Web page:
Thrillers are a genre that many people can't get enough of. Building tension and keeping people turning pages are essential for successfully crafting these types of stories. As with any specific type of writing, even those with a natural talent will need some pointers. While "thriller" is not, strictly speaking, a format, a few tips can go a long way in giving your audience -- and your editor -- what they are looking for in your writing.
Writing Breakout Thrillers
You don't want just another mass-market paperback on the shelf. You want your thriller to stand out from the pack. Getting tips on what makes a good thriller from the professionals will help you to make your dream a reality, especially if this is your first novel in the genre.
Similarities and Differences
Before you sit down to write, it is worth considering what a thriller is and what a thriller isn't. Specifically, knowing how a thriller is different from other, similar genres will help you avoid writing something that is more on the other side of the fence. Some things that thrillers have in common with similar genres include:
- Thrillers are similar to suspense and mystery novels in that they are page turners designed to engage a reader's interest.
- All three contain an element of mystery, as the genres often rely upon uncovering a truth that is hidden.
- All three will contain some degree of danger for the protagonist that she is constantly, and often barely, avoiding.
However, thrillers are different from mystery and suspense novels in that:
- Mysteries center around uncovering the truth about something, generally a murder, though sometimes other crimes.
- Suspense novels can center around any kind of danger, usually with a running clock, such as a ticking time bomb.
- When the mystery novel protagonist is in danger it is usually only moderate and increases the closer that she gets to uncovering the truth.
- In a suspense novel the reader usually knows things that the protagonist doesn't, particularly regarding a dangerous situation.
- Thrillers have a protagonist in peril from page one and the plot is often driven by measures taken to avoid and eliminate this danger.
Top Five Thriller Novel Tips
Knowing how to keep your thriller novel squarely rooted in the "thriller" idiom is only the most basic part of the battle for a truly great novel. There is also more to writing a great thriller than general tips for all novelists, such as outlining. Here are some additional tips, including some from Robert Ludlum, a titan in the field of the thriller novel, and from websites designed to help writers become better.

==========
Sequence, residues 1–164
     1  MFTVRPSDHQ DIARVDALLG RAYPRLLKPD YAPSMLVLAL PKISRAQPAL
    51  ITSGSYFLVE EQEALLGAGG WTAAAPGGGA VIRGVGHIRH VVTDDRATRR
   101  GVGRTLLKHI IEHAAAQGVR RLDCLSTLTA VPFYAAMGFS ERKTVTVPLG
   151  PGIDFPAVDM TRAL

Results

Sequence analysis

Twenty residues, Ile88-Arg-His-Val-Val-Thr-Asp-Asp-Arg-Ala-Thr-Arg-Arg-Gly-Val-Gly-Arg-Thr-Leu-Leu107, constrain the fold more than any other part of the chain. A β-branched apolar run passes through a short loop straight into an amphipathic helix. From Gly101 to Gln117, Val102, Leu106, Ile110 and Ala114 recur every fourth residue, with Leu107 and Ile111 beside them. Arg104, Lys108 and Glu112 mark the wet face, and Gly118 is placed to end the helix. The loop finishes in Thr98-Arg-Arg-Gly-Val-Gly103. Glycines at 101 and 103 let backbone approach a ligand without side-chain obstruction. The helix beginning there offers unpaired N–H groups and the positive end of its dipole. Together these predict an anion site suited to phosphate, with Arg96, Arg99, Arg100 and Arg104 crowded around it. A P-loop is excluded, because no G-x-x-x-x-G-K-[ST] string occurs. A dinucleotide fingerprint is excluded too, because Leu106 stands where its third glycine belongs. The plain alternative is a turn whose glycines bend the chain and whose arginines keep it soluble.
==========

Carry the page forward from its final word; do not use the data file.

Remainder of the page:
Robert Ludlum recommends carefully observing people as a means to make your characters more three dimensional. Watching people and getting inside their heads is an excellent way to come up for character ideas. Remember that you don't have to be totally accurate in your assessments of strangers. Your flights of fancy based on their mannerisms is a good starting point for letting your imagination soar. Even the smallest detail of a person's life can make a compelling character trait or action.
In a sense, the thriller is all about timing. Setting a time limit on your story -- again, the ticking time bomb, or an innocent man about to be put to death unless the real killer is caught -- creates a natural sort of tension. Knowing when to end a scene is also important, as the cliffhanger is an integral a part of the thriller novelist's tool kit. This is what will keep the reader turning pages and skipping sleep to keep reading.
While there are a number of thriller novelists who can be considered artists as well as craftswomen, such as Patricia Highsmith, the thriller is primarily about entertaining the reader. Focus on the basic elements of storytelling and the craft of writing. The art will come later, but for the reader is far less important than a tightly written story.
Make the Old New
There are several stock plots that occur over and over again in a thriller novel. These include uncovering an evil conspiracy, a legal battle against powerful forces, a secret villain who plays psychological games or a crime that only your protagonist can stop. It's not that there's anything wrong with these plots. It's just that it's up to you, the writer, to make them fresh all over again.
Whether you are crafting scenery or characters it is important to be specific. You can lend a great deal of credibility to your stories with little details, including little-known facts that impress the reader. Similarly, crafting small details for even the most minor characters can go a long way toward making your characters more believable and realistic. Even if you end up throwing out a lot of it in the final draft, making a list of character attributes can help you to bring a touch of realism.
The Great American Thriller
While you want to be innovative, writing the perfect thriller isn't a matter of reinventing the wheel. Rather, it's a question of knowing what the thriller audience expects and the degree to which you can defy those expectations to give them a new experience. Even if you have completed your thriller novel you can go back and use these tips to punch up your prose. Soon you will have a thriller novel that is worthy of mention alongside the masters.